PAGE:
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This article is part of the supplement: Twentieth Annual Computational Neuroscience Meeting: CNS*2011

Open Access Poster presentation

Effects of Stochastic Inputs on Calcium-Dependent Synaptic Plasticity

Harshit S Talasila1*, David A Stanley2 and Berj L Bardakjian13

Author Affiliations

1 Electrical and Computer Engineering, University of Toronto, Toronto, Ontario, M5S 3G4, Canada

2 Department of Bioengineering, Arizona State University, Tempe, Arizona, 85281, USA

3 Institute of Biomaterials and Biomedical Engineering, University of Toronto, Toronto, Ontario, M5S 3G9, Canada

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BMC Neuroscience 2011, 12(Suppl 1):P8  doi:10.1186/1471-2202-12-S1-P8

The electronic version of this article is the complete one and can be found online at: http://www.biomedcentral.com/1471-2202/12/S1/P8


Published:18 July 2011

© 2011 Talasila et al; licensee BioMed Central Ltd.

This is an open access article distributed under the terms of the Creative Commons Attribution License (http://creativecommons.org/licenses/by/2.0), which permits unrestricted use, distribution, and reproduction in any medium, provided the original work is properly cited.

Poster presentation

Activity dependent potentiation and depression in synaptic efficacy is thought to be one of the underlying mechanisms of learning and memory. Recent studies have shown that moderate increase in synaptic spine calcium concentration leads to synaptic depression, while large increase results in potentiation [1]. We produced a computational model of a small CA3 hippocampal network of cells governed by calcium dependent plasticity developed by [2] to investigate the effects of i) stochastic network inputs (SNI) and ii) spontaneous cell activation (SCA) on the Ca dependent model of plasticity.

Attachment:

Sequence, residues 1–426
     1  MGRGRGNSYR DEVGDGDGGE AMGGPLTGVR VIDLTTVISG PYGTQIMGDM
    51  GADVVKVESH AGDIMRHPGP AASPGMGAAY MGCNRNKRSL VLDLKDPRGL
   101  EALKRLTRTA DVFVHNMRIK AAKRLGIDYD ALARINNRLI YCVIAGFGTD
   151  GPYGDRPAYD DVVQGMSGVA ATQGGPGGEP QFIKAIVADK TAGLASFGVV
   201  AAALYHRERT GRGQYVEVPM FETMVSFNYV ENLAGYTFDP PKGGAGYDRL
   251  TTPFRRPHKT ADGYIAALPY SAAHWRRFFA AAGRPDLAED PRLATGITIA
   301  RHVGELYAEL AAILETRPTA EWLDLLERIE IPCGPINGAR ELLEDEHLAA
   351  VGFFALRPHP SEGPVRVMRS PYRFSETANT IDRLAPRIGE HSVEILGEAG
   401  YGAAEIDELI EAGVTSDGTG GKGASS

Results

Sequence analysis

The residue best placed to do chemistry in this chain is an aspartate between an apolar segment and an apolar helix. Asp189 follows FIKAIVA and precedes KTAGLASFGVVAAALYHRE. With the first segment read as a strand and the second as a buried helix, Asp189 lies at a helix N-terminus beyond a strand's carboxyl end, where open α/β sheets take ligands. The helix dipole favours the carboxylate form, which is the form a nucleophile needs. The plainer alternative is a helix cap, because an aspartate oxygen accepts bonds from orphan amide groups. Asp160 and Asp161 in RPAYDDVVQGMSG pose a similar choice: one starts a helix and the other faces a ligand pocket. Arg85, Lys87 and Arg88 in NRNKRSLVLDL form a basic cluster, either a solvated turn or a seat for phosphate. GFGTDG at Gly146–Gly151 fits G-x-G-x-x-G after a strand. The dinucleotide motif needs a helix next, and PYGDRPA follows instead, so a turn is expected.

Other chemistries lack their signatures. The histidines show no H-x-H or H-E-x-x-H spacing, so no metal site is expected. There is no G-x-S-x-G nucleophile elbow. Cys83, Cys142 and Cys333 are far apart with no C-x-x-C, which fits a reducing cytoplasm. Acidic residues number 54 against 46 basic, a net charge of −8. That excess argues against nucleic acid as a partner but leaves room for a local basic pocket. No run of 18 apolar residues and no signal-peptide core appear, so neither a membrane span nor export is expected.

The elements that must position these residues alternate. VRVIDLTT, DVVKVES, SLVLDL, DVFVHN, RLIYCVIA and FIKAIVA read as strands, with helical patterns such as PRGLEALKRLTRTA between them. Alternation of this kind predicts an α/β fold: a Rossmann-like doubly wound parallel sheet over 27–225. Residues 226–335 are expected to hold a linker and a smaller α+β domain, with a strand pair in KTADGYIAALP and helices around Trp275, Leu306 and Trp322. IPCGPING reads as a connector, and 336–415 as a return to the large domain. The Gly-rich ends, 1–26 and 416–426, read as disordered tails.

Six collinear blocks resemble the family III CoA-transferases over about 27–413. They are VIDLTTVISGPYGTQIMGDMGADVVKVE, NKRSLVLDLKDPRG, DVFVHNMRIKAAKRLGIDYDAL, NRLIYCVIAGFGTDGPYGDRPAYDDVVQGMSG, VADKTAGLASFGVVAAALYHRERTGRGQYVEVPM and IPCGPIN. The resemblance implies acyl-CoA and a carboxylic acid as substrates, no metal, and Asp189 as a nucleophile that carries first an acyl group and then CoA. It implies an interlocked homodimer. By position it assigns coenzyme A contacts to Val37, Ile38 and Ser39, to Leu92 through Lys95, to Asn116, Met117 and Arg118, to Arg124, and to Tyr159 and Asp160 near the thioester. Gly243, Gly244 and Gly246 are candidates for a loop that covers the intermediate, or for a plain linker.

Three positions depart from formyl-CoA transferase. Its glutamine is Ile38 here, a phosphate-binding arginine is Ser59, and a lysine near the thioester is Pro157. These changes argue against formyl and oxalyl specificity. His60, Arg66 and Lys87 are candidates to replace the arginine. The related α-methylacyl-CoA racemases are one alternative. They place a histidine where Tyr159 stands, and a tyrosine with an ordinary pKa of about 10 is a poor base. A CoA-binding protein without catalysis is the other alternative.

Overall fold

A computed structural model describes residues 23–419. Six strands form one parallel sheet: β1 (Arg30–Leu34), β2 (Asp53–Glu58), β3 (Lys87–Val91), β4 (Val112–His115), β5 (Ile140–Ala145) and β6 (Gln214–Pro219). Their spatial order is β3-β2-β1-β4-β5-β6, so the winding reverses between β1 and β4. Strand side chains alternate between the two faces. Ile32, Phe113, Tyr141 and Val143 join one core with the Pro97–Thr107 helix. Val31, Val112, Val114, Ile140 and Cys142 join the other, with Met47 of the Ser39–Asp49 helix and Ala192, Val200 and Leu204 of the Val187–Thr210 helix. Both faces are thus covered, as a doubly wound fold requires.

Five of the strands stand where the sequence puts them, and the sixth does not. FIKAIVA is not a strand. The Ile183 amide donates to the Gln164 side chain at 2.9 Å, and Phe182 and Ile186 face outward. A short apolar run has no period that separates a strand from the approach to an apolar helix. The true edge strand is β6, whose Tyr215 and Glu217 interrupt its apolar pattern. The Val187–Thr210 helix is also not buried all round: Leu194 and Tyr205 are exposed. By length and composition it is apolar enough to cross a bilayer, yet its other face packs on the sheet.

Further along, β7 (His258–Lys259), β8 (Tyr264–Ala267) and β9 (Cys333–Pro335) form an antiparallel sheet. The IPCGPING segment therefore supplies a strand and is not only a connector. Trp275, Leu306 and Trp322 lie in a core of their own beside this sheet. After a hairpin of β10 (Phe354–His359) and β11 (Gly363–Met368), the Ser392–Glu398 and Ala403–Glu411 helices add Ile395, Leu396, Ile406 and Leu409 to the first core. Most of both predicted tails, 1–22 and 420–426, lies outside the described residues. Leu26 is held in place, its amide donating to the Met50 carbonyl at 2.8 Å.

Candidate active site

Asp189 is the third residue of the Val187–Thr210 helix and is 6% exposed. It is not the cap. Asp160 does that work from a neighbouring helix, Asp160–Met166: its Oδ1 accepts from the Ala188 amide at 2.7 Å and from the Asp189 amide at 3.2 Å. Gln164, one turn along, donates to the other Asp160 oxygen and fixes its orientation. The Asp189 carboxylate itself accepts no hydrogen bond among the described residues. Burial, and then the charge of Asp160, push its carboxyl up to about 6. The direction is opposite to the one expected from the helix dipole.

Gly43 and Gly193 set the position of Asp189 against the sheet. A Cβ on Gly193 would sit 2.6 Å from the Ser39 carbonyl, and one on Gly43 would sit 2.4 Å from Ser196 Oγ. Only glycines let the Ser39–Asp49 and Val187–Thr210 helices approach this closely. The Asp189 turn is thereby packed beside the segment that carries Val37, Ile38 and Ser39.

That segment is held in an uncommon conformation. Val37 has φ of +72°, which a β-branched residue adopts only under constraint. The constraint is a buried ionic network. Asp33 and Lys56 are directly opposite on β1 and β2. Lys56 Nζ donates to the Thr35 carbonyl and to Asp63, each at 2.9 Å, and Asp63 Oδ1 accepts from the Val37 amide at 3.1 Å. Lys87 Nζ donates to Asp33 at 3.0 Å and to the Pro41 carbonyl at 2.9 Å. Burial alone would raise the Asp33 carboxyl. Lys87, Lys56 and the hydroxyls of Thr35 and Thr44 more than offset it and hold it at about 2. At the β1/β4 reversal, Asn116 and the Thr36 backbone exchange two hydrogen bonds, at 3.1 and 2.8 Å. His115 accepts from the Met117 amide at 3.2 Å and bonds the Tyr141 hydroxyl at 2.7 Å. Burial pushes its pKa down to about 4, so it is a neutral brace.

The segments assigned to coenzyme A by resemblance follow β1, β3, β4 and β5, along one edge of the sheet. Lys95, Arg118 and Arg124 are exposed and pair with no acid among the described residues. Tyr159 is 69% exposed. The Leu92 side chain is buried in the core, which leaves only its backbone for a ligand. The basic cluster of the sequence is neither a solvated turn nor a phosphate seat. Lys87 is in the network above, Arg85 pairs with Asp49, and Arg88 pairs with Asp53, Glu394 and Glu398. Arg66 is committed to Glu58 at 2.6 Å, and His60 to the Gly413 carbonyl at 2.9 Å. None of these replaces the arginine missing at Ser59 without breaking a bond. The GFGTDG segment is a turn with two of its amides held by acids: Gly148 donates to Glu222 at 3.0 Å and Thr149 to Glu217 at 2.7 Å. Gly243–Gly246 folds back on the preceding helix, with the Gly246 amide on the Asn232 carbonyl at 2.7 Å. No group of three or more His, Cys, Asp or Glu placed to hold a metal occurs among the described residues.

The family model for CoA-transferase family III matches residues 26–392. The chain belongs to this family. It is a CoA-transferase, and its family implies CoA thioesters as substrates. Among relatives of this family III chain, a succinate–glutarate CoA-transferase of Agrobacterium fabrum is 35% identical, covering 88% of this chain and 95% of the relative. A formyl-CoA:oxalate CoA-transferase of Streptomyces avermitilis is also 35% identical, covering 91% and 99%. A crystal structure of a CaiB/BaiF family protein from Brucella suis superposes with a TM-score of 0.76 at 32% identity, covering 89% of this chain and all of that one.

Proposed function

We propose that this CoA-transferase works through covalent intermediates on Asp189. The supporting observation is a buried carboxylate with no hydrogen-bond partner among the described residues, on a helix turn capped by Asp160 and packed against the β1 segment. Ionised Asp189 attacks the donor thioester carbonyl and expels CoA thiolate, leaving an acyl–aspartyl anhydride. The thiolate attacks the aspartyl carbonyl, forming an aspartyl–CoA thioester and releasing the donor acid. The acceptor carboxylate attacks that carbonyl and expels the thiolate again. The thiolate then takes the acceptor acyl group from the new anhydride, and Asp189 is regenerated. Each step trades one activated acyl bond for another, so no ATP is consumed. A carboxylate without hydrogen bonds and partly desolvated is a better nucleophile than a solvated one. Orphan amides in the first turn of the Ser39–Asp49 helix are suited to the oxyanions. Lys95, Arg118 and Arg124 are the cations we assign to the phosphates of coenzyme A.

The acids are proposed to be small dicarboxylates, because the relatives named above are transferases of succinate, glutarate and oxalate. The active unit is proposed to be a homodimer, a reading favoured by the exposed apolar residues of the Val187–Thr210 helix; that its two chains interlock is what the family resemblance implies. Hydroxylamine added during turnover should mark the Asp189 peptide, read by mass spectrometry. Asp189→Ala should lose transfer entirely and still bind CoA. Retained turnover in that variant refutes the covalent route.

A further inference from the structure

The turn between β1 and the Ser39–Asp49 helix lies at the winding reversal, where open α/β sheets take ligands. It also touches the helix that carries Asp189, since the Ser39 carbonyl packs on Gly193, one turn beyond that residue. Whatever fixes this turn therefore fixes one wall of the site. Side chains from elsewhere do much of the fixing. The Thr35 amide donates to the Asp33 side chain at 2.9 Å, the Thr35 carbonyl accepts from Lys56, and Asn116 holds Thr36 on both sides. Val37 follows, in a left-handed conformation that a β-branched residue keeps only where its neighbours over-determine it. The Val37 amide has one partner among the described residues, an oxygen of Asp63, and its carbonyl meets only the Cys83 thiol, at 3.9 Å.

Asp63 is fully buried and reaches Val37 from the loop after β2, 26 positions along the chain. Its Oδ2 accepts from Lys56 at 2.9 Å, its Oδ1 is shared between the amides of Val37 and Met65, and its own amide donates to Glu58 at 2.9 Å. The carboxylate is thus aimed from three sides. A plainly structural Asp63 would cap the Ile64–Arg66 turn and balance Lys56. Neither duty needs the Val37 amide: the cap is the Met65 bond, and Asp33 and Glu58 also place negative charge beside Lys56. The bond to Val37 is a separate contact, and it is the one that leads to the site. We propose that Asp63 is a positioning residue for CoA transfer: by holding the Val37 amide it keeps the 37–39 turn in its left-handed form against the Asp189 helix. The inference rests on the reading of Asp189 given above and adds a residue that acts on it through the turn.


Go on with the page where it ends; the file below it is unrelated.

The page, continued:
We used a small hippocampal network model consisting of 72 pyramidal cells and 16 interneurons, where each cell was a modified version of the Traub model [3,4]. The calcium-dependent plasticity model was implanted to govern the changes in synaptic efficacy between the cells. The presence of spontaneous activation of AMPA, NMDA, GABAA and GABAB synaptic elements were varied between zero (low) and 5,5,3,3 Hz (high) respectively. The cells were also provided with SNI that had a Poisson distribution with an expected value of spike per second of either 10(low) or 100(high). The effects of the rate of, SNI and SCA on synaptic plasticity were studied.

We observed that the rate and direction of synaptic weight change is strongly affected by the rate of SNI, with a high input rate increasing the internal calcium concentration resulting in an increase in synaptic weight (Figure 1B), while a lower rate only raised the calcium concentration moderately (Figure 1A), resulting in decrease in synaptic weight. Furthermore, the rate of synaptic weight change is affected by SCA. Under low SNI conditions, low SCA provides a higher rate of change, while under high SNI conditions it actually reduces the rate of change. These results demonstrate that the rate of stochastic inputs to a cell plays a role in determining its direction of plasticity (potentiation or depression), while the cell’s spontaneous activations influences its rate of change.

thumbnailFigure 1. Effects of SNI and SCA on membrane voltage (left), intracellular calcium concentration (middle) and synaptic weight of AMPA synapse (right), for case A) high SCA and low SNI, B) low SCA and high SNI. (*Calcium Concentration has arbitrary units, following the convention used in [3]).

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